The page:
days, up to 3 weeks

                                   23
                  Treatment
   Once chigger bites have been noticed, the best
    course of action is to take a hot bath, which
    will kill the remaining larvae and remove them
    from the skin
   Ointment can be used to control the itch
    related to the chigger’s digestive secretion



                                                 24
                                     OSHA
   There were no OSHA recorded fatalities
    cuased by Ticks or Chiggers during the time
    period of 1990- 2007
   However, according to the American Lyme
    Disease Foundation, there have been more
    than 150,000 cases of Lyme disease identified
    since 1982
       –   Information from The American Lyme Disease Foundation. http://www.aldf.com/lyme.shtml



                    Consider two slides for this. Be sure to
                    add a reference for the OSHA data.                                             25
 Personal Protection
 Measures to Reduce
Your Risks From Ticks
    and Chiggers


                        26
Before entering areas
  with Ticks or
  Chiggers:
 Wear light-colored
  clothing
 Wear loose-fitting
  clothing
 Tuck shirt into pants
  and pants into socks
 Wear closed-toe shoes




                          27
   Perform
Frequent Tick
  Checks….

 …while in tick
  habitats AND
 when returning
     home

                  28
    Avoid areas where
    it is likely to
    encounter ticks
    and chiggers, when
    possible
    Keep to center of
    pathways



                     29
 Tick Repellents
for Personal Use
        30% - 40% DEET content
         most effective for ticks and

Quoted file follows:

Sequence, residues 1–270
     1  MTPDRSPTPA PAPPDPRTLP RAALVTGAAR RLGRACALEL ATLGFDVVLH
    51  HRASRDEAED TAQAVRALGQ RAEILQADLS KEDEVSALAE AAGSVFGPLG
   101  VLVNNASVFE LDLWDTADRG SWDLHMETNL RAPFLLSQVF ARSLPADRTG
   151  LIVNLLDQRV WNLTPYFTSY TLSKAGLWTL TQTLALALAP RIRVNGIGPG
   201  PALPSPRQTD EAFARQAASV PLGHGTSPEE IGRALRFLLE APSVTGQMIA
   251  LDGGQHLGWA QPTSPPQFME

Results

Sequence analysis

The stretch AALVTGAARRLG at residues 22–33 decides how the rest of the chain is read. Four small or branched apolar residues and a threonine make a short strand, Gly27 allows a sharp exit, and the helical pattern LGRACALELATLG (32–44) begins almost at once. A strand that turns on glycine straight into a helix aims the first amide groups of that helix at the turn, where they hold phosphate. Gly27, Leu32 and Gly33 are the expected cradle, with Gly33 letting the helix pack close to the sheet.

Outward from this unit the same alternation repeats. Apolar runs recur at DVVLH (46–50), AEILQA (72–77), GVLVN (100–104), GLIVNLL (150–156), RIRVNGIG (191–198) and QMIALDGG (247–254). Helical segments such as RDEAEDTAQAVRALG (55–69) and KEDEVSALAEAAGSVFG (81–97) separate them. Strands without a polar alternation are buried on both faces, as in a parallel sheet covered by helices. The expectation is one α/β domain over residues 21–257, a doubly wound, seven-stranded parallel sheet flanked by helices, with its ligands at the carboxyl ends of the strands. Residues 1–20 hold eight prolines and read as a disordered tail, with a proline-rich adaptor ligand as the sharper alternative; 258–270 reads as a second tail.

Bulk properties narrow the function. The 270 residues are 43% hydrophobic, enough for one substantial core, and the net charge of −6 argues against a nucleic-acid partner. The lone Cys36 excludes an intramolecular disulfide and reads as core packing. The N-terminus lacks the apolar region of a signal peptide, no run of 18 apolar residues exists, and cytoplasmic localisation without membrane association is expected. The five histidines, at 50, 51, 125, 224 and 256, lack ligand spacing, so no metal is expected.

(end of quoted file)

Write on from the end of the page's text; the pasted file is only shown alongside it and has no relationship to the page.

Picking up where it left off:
chiggers
        Use on skin OR clothing
        Apply to the shoes and
         pant legs




                                   30
 Tick Repellents
for Personal Use
           Permethrin-containing
            products
           Use on clothing only,
            as it is an insecticide
            and can cause
            serious reactions is
            applied to skin




                                 31
 What Can You Do to
  Reduce the Risk of
Encountering Ticks and
     Chiggers?

                         32
                Keep grass and
                 foliage short
                Prune trees and
                 shrubbery
                Remove old leaf and
                 debris piles
                Allow sunlight!


Ticks need
  moisture
to survive
                                       33
    The Proper Use of
     Insecticides Can
   Greatly Reduce the
  Incidence of Tick and
       Chigger Bites
  Late May: Granular
Late September: Liquid




                          34
Proper Tick Removal

                Use fine-point
                 tweezers
                Grasp the tick CLOSE
                 TO SKIN
                Pull gently
                Wash area with soap,
                 water and antiseptic
                Burning, suffocating,
                 and poisoning of ticks
                 does not work in
                 removing them from
                 host


                                      35
      Jobsite Awareness Activities
   Tick ID cards and Lyme Disease Alert notices
    should be presented and available to all
    employees
   “Toolbox Talks” every week to remind workers
    about the dangers of ticks
   Mandate long pants and sleeves for workers
    working in tick and chigger habitats
   Set time aside at the end of the day for tick
    checks


                                                    36